Michael D. Rhodes gives overview of Book of the Dead for LDS readers.

Academic / Technical Report
Michael D. Rhodes

Michael D. Rhodes, "Book of the Dead," in Dennis L. Largey, ed. Pearl of Great Price Reference Companion, (Salt Lake City: Deseret Book, 2017), 79

Deseret Book
Michael D. Rhodes
Latter-day Saints, Reading Public

An ancient Egyptian religious text placed in the coffin or burial chamber of the deceased. It was in use from around 1550 B.C. to 50 B.C. Three of the papyrus rolls in Joseph Smith's possession were Books of the Dead. See Book of Abraham, coming forth of.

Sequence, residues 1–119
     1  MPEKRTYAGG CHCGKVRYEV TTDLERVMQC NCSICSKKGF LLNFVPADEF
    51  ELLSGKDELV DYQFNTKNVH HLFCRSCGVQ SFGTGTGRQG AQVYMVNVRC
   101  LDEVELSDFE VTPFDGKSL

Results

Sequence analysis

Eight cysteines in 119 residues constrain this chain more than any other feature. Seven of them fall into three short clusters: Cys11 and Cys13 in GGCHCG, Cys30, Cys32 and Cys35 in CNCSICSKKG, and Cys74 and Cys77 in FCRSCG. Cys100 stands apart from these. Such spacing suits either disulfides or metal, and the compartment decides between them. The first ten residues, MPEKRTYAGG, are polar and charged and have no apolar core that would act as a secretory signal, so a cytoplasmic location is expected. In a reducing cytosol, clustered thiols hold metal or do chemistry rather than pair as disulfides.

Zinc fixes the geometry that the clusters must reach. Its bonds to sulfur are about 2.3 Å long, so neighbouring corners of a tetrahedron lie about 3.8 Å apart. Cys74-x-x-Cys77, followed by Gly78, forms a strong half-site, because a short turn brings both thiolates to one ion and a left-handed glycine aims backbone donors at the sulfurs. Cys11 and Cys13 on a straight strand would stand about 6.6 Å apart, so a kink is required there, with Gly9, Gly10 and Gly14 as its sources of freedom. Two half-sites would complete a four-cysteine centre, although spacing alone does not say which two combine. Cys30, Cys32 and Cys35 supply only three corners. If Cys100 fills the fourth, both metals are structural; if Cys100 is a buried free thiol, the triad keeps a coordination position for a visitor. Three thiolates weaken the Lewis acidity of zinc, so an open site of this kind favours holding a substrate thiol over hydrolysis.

Book of the Dead is the name given to this text by modern scholars. The ancient Egyptians called it r3.w n pr.t m hrw, "Chapters of Coming Forth into the Day," a reference to their belief that its use would facilitate the deceased entering into eternal life. Some 192 chapters of the Book of the Dead are known, but no single copy contains all of them. Each one consists of a selection from this corpus. These chapters served a variety of purposes: providing knowledge of the afterlife and its inhabitants, giving instructions for preserving and reuniting different parts of a person's being to ensure continued existence, protecting the deceased from various hostile forces, and guiding them in their journey through the underworld. The most important chapters (according to scholars who know the ancient work), 30b and 125, describe the judgment of the dead in which the deceased is brought before an assembly of divine judges. Each of these judges had jurisdiction over a specific sin—murder, adultery, theft, neglecting orphans, etc.—and in what modern Egyptologists call the "negative confession," the deceased was required to stand before each judge and proclaim, "I have not murdered, I have not committed adultery, I have not stolen," etc. (Book of the Dead 125). Following these negative confessions, the deceased was brought to a scale where his or her heart was weighed against a feather. This event had deep symbolic meaning for the Egyptians. The heart was the seat of one's will and desires, and the feather was the hieroglyphic sign for Ma'at, "truth." If the heart balanced with the feather, then the deceased was pronounced m3 hrw, "true of voice," i.e., he or she spoke the truth and could now be introduced into the presence of Osiris, god of the dead, and join the company of the gods, enjoying eternal felicity.

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